Elizabeth Almeida grew up on a farm in Ohio, daughter to a beef cattle farmer and a teacher. Her husband’s family owns mango and coconut groves in India. Together, Elizabeth and Noel “share a love of tasty, fresh, and healthy food and hope that you will soon join them at the farm to be part of the local food movement.”
Fat Moon is located at Meadowbrook Farm on Gould Road. The name, Almeida explains, comes from their son “who would call the full moon the Fat Moon. And the moon over the field is beautiful.” The farm began last June with pumpkins and squash. This year she is planning a full season of growing. Arugula, basil, several varieties of beans, beets, broccoli, carrots, eggplant and that is only up to “E” in her long list of vegetables! Spinach, Swiss chard, over 10 varieties of tomatoes, turnips and watermelon round out the alphabet. Her planting plan extends through the fall. “My goal is to have fresh vegetables through Christmas”, says Almeida.
To help her with this goal, Almeida has installed a high tunnel. This unheated greenhouse, funded by a USDA grant, will allow her to start plants earlier. She has also resurrected the greenhouse located at Robinson Elementary and has been using it to start warm weather crops such as eggplant, tomatoes and peppers.
Currently, she has pea shoots (which are delicious), garlic scapes, lots of herbs, and radishes available at her weekly farm stand on Thursdays from 3 – 7pm. She updates her website weekly with what is available, along with recipe ideas on her Facebook page.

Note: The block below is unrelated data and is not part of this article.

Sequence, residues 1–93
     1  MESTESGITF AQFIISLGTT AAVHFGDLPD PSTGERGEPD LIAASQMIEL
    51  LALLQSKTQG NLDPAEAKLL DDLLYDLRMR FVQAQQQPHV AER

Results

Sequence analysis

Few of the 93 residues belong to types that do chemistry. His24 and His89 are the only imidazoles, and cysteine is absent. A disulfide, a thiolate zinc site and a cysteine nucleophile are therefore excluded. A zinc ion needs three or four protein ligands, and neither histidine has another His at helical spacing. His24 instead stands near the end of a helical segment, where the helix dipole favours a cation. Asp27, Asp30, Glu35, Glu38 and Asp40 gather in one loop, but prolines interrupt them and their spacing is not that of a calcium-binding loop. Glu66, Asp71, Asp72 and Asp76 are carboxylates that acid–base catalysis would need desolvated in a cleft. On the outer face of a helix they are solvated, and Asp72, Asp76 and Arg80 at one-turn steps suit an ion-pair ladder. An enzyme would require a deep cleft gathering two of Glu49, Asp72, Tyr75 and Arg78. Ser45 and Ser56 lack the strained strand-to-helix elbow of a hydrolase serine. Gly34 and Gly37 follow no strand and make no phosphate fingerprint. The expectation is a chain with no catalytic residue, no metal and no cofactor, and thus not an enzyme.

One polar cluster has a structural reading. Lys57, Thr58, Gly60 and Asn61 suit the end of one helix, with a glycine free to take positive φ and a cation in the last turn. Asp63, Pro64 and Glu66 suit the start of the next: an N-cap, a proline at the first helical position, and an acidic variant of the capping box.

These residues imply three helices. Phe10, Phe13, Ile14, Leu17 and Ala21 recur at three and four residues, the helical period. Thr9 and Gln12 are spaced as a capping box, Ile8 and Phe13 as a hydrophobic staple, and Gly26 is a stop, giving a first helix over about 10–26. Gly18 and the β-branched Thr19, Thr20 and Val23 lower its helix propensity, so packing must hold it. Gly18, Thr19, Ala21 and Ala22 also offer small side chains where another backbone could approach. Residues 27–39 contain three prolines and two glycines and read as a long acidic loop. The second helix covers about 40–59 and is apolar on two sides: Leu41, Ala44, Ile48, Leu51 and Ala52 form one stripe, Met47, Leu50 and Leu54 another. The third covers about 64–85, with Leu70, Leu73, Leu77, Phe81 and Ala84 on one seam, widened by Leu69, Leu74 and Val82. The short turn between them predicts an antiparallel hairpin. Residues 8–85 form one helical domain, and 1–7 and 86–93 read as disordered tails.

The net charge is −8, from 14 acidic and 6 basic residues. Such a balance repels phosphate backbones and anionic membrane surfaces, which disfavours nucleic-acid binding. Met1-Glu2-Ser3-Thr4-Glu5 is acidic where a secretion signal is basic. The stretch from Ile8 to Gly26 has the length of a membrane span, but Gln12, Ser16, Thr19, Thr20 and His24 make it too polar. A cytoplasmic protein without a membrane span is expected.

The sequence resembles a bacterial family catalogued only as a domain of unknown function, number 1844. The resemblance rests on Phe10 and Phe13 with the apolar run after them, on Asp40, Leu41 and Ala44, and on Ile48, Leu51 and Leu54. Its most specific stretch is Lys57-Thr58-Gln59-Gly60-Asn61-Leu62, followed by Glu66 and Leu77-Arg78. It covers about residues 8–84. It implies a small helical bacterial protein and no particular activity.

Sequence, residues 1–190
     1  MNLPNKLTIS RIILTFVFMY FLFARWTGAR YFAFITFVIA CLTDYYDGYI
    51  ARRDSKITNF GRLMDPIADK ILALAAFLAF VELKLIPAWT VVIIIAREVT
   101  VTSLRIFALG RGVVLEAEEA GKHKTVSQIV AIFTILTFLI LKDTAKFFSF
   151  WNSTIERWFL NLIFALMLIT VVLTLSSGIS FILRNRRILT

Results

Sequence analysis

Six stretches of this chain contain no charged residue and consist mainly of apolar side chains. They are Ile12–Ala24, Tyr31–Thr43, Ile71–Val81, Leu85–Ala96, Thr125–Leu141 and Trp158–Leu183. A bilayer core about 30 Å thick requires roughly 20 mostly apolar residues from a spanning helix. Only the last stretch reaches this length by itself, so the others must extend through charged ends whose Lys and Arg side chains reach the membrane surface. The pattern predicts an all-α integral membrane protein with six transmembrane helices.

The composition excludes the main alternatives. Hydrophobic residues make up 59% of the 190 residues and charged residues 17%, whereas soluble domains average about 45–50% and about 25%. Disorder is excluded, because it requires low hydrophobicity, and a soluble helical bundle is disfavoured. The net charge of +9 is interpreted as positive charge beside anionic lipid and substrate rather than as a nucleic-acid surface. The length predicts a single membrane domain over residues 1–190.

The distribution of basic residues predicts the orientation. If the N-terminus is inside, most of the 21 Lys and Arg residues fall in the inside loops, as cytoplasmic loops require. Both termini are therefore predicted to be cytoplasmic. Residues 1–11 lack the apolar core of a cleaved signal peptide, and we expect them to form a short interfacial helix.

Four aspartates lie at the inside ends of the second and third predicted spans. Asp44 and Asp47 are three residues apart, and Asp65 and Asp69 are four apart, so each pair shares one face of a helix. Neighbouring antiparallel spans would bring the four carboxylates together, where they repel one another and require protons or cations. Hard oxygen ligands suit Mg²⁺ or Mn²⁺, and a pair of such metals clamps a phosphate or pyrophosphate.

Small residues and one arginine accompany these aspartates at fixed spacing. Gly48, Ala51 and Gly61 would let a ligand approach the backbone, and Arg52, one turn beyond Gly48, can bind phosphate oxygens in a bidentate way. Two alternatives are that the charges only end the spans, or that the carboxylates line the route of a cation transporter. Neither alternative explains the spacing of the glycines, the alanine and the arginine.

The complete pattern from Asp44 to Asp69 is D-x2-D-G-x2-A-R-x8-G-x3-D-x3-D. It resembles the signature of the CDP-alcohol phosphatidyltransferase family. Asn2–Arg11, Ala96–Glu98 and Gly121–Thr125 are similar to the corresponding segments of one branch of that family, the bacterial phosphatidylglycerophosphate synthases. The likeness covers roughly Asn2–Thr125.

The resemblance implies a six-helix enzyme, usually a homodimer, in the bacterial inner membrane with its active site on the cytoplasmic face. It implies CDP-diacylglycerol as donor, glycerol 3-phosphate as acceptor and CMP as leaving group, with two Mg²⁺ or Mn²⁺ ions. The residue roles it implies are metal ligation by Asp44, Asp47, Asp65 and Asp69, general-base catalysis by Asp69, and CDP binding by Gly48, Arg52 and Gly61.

The small-scale lends itself to organic production methods. Elizabeth explains that she is following organic methods, although not certified organic because of the cost. She is perusing another certification called “Certified Naturally Grown.” I watched as she dug for cutworms and grubs that were attacking the spinach and feed them to the chickens.
In addition to offering fruits and vegetables, Elizabeth offers many classes and opportunities for people to learn about food, how to prepare it, and other healthy living topics. Picnics and playgroups on the farm are offered free of charge for children and their families. The Kids CSA teaches children about healthy foods in addition to a weekly share of plants for your garden and/or vegetables. The kids have also made rain gauges out of old soda bottles (pictured). Cooking classes offer learning opportunities for adults to learn how to cook with local ingredients. Her latest endeavor is a pumpkin patch with a pumpkin contest in October. You can sponsor a plant and get your pick of the pumpkins.
She has received such a warm welcome from the neighbors and enjoys giving people the opportunity to “see how things are grown and make a connection to where their food comes from.”
More information on Fat Moon is available on their website.